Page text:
20th anniversary of Delamont’s Strangford stone

20th anniversary of Delamont’s Strangford stone

3 July 2019

STANDING over 10 metres high, the imposing Strangford Stone in the grounds of Delamont Country Park outside Killyleagh celebrated a significant landmark last week.

The huge granite stone was hauled into place with the help of community volunteers in 1999 to celebrate the Millennium.

Saintfield’s Martyn Todd — who was heavily involved in the project — was back in the country park last week with his daughter, Katy, who was one of the volunteers who helped pull the stone into place. 

And joining her to mark the giant megalith’s birthday were her children James and Anna.

Mr Todd said a formal reunion of all those involved in the Millennium project will be held next year when all of the nearly 2,000 participants involved will be invited to Delamont. 

“I hope to see lots of the young people involved in the project 20 years ago bringing their children to the reunion on the shores of Strangford Lough, just as Katy brought her two children along last week,” said Mr Todd.

The tallest megalith in the British Isles, the Strangford Stone faces the Mourne Mountains from where it was excavated and subsequently raised at its current site by 1,000 young people from across the province, marking the beginning of the Millennium celebrations.

After being quarried in the Mournes, the huge stone was transported by road to the country park and was described by the Millennium Commission as “one of the simplest and most directly appealing of all the year 2000 projects”.

Four years before it was hauled into place, a group of people decided to bring 1,000 young people together to celebrate the start of a new millennium by pulling up the stone.

They hoped, as the peace process was gaining momentum, to involve young people from all backgrounds in Northern Ireland to create a lasting testament to a shared future.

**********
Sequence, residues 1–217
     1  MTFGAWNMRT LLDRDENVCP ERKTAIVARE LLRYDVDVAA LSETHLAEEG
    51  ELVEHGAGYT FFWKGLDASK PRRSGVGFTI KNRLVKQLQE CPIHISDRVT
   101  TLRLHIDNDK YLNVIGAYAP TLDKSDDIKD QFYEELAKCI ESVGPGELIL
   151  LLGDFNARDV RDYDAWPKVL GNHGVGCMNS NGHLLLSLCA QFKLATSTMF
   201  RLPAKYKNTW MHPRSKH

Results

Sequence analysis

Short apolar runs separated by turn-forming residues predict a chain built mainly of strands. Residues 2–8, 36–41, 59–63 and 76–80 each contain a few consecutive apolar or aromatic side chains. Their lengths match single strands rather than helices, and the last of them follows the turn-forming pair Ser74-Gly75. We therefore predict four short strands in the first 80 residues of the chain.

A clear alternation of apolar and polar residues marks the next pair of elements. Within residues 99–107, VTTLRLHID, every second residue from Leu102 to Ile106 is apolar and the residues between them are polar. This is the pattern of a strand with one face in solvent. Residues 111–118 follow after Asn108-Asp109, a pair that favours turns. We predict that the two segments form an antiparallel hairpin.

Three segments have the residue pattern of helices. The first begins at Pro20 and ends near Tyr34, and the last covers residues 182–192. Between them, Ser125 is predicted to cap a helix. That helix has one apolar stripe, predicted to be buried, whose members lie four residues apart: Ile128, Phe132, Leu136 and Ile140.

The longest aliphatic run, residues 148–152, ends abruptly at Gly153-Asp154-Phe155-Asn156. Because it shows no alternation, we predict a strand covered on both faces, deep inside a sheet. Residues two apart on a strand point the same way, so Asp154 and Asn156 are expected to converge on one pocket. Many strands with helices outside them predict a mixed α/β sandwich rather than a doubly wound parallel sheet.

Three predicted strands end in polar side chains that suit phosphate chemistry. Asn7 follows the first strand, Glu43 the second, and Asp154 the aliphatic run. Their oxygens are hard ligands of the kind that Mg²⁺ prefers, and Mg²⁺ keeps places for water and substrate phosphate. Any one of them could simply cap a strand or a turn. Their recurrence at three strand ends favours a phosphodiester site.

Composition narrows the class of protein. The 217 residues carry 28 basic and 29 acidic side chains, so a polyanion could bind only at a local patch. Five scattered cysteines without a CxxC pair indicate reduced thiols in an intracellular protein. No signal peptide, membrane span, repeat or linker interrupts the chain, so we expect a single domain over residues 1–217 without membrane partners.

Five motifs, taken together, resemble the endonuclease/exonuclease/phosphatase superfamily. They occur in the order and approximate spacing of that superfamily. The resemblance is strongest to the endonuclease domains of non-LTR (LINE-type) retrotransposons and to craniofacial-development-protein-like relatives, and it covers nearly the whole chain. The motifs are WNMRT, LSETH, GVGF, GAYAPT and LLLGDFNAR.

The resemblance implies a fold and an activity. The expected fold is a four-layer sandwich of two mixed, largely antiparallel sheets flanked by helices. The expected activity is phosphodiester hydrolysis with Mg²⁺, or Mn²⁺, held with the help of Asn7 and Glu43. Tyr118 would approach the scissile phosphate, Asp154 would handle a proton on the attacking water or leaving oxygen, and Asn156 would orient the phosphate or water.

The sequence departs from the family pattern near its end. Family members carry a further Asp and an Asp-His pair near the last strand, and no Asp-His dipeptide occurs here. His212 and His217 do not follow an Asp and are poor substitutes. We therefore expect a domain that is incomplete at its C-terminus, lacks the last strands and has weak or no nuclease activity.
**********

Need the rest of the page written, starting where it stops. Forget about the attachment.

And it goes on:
In November 1996, the Millennium Commission awarded £250,000 to the Strangford Stone project, with the remaining costs donated as contributions in kind by all the people who worked on it.

The former Down Council gave permission for Delamont to become home to the stone which is located on an elevated site which boasts superb views over Strangford Lough and towards Slieve Croob and the Mountains of Mourne.

The McConnell family quarried a single block of granite weighing over 200 tonnes — the largest ever-quarried in Ireland — trimmed it along the grain of the rock, using the ancient plug and feathers technique, to its smallest natural size — twelve and a half metres long and weighing 47 tonnes. 

During the trimming, a weakness in the granite was discovered, resulting in the stone being split into two parts and then rejoined with three stainless steel dowels.

A special steel cradle to support the stone during the pull was designed, as were special low-stretch ropes, a hydraulic safety system and the three metres deep concrete foundation for the stone. Others recruited and trained the teams of young people or provided legal, financial and insurance support for the project.

On the afternoon of June 26, 1999, 1,000 young people — aged between 14 and 20 — assembled at Delamont to finally pull the largest megalith in the United Kingdom and Ireland into place.

Over the preceding months, the volunteers, recruited from schools and youth groups from all over Northern Ireland, had attended numerous training sessions in preparation for the event.